Tens of thousands take part in anti-France rally in Bangladesh
More than 50,000 people took part Monday in the biggest demonstration yet in Bangladesh over French President Emmanuel Macron's defence of the right to publish cartoons of the Prophet Mohammed.
The rally which started at Bangladesh's biggest mosque was stopped from getting close to the French embassy where security has been stepped up amid mounting tensions over Macron's comments.
The march was more than two kilometres (1.25 miles) long and crowds -- ignoring coronavirus social distancing rules -- carried effigies of Macron, caricatures and a fake coffin for the French president.
Police estimated some 50,000 people took part in the third major anti-France protest in the past week while organisers said there were more than 100,000.
Protesters chanted "We are all soldiers of the prophet", "We are not afraid of bullets or bombs" and "Macron, you are in danger." They burned one effigy of the French leader.
Police put up a barbed wire barricade across a major road to stop the demonstrators getting close to Dhaka's embassy district and the event broke up without trouble.
Demonstrations have been held in many Muslim majority countries after Macron defended France's freedom of speech laws, in the wake of the killing of a teacher who had shown caricatures of the Muslim prophet to his class.
Islam forbids any depictions of Mohammed.
Around 3,000 people also demonstrated Monday outside the French embassy in Jakarta in Indonesia -- the world's biggest Muslim majority nation -- according to police.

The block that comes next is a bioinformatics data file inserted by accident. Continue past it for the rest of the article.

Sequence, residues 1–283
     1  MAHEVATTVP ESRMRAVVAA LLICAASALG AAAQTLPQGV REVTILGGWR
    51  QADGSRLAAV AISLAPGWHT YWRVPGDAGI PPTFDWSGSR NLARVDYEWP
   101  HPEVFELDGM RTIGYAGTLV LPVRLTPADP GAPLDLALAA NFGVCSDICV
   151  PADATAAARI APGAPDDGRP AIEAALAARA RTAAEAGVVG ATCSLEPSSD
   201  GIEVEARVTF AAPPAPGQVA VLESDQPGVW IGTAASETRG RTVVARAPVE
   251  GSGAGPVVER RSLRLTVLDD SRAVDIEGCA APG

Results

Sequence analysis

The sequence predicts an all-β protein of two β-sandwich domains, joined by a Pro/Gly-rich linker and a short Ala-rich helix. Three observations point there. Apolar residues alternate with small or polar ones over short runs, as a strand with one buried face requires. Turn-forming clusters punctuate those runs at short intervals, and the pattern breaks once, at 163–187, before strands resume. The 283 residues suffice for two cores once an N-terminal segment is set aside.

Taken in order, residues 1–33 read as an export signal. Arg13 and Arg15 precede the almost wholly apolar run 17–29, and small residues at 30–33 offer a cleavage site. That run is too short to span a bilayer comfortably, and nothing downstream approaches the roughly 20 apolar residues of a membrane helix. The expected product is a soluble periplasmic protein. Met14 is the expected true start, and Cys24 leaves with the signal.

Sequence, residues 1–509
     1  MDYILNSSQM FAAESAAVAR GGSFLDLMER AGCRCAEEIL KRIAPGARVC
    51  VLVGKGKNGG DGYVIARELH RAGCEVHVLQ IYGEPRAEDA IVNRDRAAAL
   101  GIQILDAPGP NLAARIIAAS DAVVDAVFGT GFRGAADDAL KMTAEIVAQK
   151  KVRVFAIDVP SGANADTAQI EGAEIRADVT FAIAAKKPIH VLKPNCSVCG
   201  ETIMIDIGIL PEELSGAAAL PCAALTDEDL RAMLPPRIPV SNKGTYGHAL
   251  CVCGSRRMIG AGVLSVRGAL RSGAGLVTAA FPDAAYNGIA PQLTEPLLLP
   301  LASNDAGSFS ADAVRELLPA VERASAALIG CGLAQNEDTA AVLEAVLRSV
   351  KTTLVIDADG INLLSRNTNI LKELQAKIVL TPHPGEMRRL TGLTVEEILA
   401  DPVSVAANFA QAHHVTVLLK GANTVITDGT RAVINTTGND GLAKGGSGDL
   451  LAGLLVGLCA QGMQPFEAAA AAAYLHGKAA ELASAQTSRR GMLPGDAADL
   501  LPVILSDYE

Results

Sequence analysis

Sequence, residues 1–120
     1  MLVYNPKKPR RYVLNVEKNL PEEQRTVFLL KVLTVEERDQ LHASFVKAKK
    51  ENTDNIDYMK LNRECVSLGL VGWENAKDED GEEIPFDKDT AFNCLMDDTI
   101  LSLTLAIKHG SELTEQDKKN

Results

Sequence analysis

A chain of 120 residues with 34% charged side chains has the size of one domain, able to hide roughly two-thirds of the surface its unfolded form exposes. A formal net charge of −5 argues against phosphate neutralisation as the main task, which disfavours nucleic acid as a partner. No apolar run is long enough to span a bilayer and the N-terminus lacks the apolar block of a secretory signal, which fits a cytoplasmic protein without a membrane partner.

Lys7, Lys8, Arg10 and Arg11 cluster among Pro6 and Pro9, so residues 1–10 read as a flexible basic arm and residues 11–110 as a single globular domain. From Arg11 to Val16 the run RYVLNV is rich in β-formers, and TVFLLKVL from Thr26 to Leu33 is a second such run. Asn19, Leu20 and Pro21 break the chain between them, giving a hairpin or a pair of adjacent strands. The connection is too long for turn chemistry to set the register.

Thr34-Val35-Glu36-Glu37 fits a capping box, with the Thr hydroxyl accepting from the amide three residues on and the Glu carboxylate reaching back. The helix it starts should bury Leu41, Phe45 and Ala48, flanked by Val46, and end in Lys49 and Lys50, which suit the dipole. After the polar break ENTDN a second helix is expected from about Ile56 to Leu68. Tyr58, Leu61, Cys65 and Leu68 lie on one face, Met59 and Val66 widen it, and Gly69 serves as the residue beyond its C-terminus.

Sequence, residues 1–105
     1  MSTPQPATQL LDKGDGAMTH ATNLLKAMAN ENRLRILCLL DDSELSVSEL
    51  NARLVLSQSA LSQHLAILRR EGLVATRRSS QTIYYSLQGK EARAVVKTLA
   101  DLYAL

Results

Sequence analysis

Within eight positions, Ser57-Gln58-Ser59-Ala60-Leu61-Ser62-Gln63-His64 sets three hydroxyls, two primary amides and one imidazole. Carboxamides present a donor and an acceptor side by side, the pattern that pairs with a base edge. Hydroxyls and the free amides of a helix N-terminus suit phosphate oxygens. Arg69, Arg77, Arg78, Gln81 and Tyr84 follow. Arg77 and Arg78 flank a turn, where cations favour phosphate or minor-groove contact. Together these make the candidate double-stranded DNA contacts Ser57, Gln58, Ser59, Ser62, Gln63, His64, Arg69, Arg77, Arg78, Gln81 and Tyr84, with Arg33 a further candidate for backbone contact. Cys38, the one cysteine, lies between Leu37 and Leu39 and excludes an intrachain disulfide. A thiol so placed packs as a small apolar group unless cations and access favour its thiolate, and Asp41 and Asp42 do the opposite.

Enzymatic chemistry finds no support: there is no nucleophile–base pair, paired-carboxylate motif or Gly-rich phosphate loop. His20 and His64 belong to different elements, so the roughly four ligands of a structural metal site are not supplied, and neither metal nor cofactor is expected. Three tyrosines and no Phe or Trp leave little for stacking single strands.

Protesters burned pictures of Macron and waved placards emblazoned with a shoeprint on his face and others depicting the French leader with devil horns.
Monday's rally in Bangladesh was called by Hefazat-i-Islami, one of the biggest radical Muslim political groups in the country of 168 million people.
Organisers said police had prevented thousands of others from joining the rally by stopping buses, trucks, and cars from entering the capital.
Junaid Babunagari, the firebrand deputy chief of Hezafat, called on Prime Minister Sheikh Hasina to make the Bangladesh parliament condemn Macron.
"I call on traders to throw away French products. I ask the UN to take stern action against France," he told the rally.
Bangladesh's government has so far not commented on France or the protests.
Other Hefazat leaders said Macron must apologise to Muslims around the world.
The South Asian country has seen other giant rallies after the publication of cartoons of the prophet Mohammed by Danish newspapers.
Islamist groups in Bangladesh, including Hezafat, have demanded blasphemy laws in the country that would allow for the death sentence in serious cases.
A 2013 rally in Dhaka by thousands of Hefazat supporters demanding a blasphemy law ended in unrest in which more than 50 people were killed.
Between 2013 and 2016, nearly a dozen secular activists and bloggers were killed by Islamist extremists in Bangladesh after they were accused of defaming Islam. Militants also staged an attack on a Dhaka cafe in 2016 in which 17 foreigners were killed.
© 2020 AFP